The pragmatics of humorous interpretations : a relevance-theoretic approach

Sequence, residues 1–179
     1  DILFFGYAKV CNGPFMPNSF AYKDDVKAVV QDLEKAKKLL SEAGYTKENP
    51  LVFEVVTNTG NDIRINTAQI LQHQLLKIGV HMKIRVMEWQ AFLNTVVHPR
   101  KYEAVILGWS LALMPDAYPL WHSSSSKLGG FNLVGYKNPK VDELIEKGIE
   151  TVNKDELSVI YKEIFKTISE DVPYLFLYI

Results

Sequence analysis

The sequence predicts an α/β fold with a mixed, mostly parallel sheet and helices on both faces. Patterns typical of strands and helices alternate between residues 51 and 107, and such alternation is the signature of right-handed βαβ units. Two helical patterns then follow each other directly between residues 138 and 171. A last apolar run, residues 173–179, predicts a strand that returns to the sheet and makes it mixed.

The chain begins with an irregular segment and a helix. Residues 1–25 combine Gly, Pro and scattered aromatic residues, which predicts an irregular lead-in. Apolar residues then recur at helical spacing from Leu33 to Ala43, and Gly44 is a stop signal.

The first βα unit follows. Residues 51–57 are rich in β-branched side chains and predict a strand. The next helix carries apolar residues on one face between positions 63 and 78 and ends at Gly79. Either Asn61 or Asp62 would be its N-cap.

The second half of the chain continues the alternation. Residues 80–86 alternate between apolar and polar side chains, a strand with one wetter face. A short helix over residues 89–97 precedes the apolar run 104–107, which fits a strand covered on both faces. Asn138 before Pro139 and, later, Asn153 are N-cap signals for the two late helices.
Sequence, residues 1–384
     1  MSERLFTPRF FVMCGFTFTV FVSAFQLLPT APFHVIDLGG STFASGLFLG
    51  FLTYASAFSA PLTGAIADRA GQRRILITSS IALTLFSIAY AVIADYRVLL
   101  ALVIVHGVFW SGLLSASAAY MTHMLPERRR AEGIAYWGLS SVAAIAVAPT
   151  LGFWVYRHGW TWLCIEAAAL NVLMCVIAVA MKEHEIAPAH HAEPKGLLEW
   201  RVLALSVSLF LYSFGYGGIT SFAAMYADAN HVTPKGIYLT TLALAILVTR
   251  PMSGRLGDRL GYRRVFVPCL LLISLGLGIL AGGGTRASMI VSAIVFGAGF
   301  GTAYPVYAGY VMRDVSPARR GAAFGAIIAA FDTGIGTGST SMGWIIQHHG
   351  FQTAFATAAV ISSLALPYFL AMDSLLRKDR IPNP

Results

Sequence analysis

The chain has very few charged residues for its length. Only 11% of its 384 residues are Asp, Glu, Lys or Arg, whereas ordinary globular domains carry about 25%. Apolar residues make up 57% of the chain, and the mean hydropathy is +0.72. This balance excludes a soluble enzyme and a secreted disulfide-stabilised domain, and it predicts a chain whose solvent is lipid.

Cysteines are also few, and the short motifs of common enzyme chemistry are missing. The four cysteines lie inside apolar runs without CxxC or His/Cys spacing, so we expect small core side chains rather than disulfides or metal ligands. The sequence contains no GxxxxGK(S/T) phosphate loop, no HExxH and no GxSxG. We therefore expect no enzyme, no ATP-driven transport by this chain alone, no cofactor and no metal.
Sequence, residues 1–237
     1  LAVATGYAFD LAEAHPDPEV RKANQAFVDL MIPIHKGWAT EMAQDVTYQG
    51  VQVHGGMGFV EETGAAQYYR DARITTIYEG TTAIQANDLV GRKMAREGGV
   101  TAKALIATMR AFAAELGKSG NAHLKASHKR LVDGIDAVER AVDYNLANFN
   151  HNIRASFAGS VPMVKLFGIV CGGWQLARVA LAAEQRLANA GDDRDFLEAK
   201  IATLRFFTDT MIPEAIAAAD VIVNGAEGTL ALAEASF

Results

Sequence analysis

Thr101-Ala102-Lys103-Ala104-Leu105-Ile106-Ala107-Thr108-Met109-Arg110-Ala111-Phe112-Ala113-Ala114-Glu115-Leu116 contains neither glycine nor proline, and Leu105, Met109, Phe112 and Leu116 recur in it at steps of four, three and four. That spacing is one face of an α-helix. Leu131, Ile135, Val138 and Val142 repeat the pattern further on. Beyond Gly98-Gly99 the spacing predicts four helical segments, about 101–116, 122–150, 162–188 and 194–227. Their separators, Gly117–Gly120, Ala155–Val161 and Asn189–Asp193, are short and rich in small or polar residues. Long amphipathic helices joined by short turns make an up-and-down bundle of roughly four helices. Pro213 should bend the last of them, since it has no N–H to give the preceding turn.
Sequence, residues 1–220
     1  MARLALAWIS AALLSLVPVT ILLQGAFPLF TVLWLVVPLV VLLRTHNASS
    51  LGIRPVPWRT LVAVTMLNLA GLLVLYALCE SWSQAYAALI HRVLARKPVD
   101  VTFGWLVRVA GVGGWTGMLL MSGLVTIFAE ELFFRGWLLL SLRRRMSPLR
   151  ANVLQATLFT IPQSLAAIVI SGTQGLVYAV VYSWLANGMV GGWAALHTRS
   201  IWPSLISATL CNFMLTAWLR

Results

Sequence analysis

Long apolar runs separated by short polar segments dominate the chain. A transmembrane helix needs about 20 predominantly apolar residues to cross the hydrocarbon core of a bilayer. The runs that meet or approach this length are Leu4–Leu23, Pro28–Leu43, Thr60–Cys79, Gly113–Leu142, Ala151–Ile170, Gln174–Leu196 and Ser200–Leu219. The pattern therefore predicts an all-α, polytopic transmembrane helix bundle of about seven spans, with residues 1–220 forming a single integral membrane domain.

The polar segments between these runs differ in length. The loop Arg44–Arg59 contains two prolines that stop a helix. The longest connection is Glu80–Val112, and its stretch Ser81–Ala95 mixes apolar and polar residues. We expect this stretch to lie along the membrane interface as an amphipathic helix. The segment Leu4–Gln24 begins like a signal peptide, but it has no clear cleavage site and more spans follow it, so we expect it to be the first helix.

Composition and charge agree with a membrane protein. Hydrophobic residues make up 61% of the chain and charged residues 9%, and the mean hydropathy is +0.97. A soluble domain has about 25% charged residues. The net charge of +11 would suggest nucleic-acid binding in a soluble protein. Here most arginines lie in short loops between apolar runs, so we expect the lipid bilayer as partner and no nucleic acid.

The aim of this thesis is to provide a pragmatic account of how humorous discourse is interpreted within the cognitive framework of Relevance Theory. I argue that being humorous is not a property of texts, but of the type of mental representations that hearers are led to entertain during their processing, and the specific way in which these representations are manipulated. One of my objectives is to provide a psychologically plausible explanation of how humorous effects are created and understood in language, and to relate it to philosophical views of humour. In order to place my account in this broader perspective, in Chapter 1 I review the main philosophical and psychological approaches of verbal humour. From this discussion it emerges that the notion of incongruity plays a central role in most contemporary treatments of humour. I raise the question whether a theory of humorous interpretations should endeavour to develop a better defined notion of the precise type of incongruity that is at stake in humour, or should rather explore the cognitive impact of encountering something incongruous as a result of processing an ostensive stimulus. I take the second line. In Chapter 2 some linguistic approaches to the study of verbal humour are discussed. I argue that they are flawed because they assume that verbal humour is inherent in the linguistic code, and that the alternative interpretations of an utterance derive fully from structures of meaning present in the text and the co-text. I question their conclusion that humorous language is deviant, and argue that the proper field to approach verbal humour is not linguistics, but pragmatics. Chapter 3 and 4 assess recent pragmatic analyses of verbal humour. Although these approaches take into account the role of inference in the interpretation of humorous effects, without exception they either assume or conclude that humorous language transgress the rules that regulate the operation of non-humorous discourse, that special principles are needed for its interpretation, and that humans possess a domain-specific 'humour competence' that enables them to create and produce verbal humour. I argue against all these claims. Chapter 5 outlines the relevance-theoretic framework, and discusses the few analysis of verbal humour and related issues that have been carried out within it, so it sets the ground for the approach I develop in the remaining chapters. In Chapter 6 I single out a number of pragmatic mechanisms that seem to be typical of the generation and interpretation of humorous effects and argue that they fit one particular definition of the notion of incongruity. I suggest that leading hearers to entertain the incongruous in the ways described is only a device exploited by speakers to give rise to additional cognitive effects, the precise nature of which is discussed in Chapter 7. It is claimed that in dealing with the incongruity encountered, hearers perform inferences that take metarepresentations of various orders as premises. Different orders of these metarepresentations produce different effects. This suggests that the ability to engage in humour is a direct consequence of the capacity to attribute (false) beliefs and intentions to others. Finally, Chapters 8 and 9 consider the implications of my proposal for humorous figurative language. Poetic and humorous metaphors are contrasted in Chapter 9, while Chapter 9 extends and elaborates on the standard relevance-theoretic approach to irony, and addresses some recent attacks against it.